However, one might want to add, even though clothes and other fashion objects are in principle just assembled materials, their power over the minds of the self-fashioning individuals and the magic has real effects. Thomas’ theorem works here perfectly, ‘if people define situations as real, they are real in their consequences’.

Though as a person involved in the research on production and consumption of fashion in India I was looking forward to this chapter in particular, I was disappointed to a degree. The author hardly goes beyond stating the “popular”, i.e. ‘fashion production is exploitation’. Yet, as my own fieldwork can tell, it might be both, exploitation and empowerment. The omnipresent idea of a dreadful sweatshop is without doubt true to reality in some cases; however the incredible variety of destinies within fashion production can hardly be reduced to it.

A balanced and empirically grounded view is what is needed here. Only an in-depth qualitative research seems to be able to reveal the actual processes and meanings of and within the incredible complex rollercoaster of fashion industry. It appears as if too much of the theorizing done in the book is from the table, based on one’s perceptions, local bias, and readings of other scholars equally speculating from the warmth of their office chairs.

Edwards however makes up for certain omissions by paying attention to other rather neglected topics within the fashion studies, and that is men’s wear, children wear and recently also the topic of media, celebrities, designers and desire. In the third chapter he turns his attention towards the case of western suit, discussing topics of gender and masculinity in relation to the evolution of suit as a nexus of the consumption of men’s fashion in the West. There is a nice point in the chapter that Edwards makes about the oscillation of men’s dress throughout centuries from extravagant and lavish to simple and modest and back, he calls it “playboy” vs. “puritan” tendencies (45). These concepts might have broader application, not only being useful in conceptualizing the recent rise of the ‘metrosexual’ man, but also in conceptualizing fashion in other non-Western contexts.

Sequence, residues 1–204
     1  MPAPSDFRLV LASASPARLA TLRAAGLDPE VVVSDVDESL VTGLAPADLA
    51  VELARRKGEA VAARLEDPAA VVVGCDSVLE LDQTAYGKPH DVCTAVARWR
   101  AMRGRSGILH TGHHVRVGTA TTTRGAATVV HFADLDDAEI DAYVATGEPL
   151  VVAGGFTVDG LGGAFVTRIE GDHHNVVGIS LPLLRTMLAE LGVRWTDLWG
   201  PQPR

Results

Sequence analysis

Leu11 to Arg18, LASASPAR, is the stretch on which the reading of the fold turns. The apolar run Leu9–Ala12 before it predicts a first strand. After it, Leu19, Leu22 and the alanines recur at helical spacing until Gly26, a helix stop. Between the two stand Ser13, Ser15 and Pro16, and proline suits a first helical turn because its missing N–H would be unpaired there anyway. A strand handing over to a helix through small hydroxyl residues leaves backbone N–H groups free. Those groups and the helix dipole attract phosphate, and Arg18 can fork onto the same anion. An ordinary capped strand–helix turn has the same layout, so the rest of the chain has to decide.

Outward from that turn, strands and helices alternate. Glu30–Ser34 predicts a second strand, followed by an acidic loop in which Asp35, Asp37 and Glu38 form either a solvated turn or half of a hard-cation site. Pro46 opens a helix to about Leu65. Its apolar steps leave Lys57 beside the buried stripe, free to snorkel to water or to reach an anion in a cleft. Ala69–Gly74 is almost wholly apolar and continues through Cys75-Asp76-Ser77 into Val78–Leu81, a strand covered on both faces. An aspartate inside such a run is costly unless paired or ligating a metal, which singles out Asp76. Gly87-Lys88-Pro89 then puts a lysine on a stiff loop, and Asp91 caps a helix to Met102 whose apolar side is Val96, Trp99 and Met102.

In the fifth chapter he then turns towards the children fashion. This chapter being based on the actual original research by the author is definitely one of the more interesting. It draws on interview material with retailers, designers and consumers of children fashion in UK. It touches on the topics of branding of child wear, increasing fashion consciousness of children and the relationships between parents and children as consumers, as well as the tendency of parents to turn the child into a “mini me”.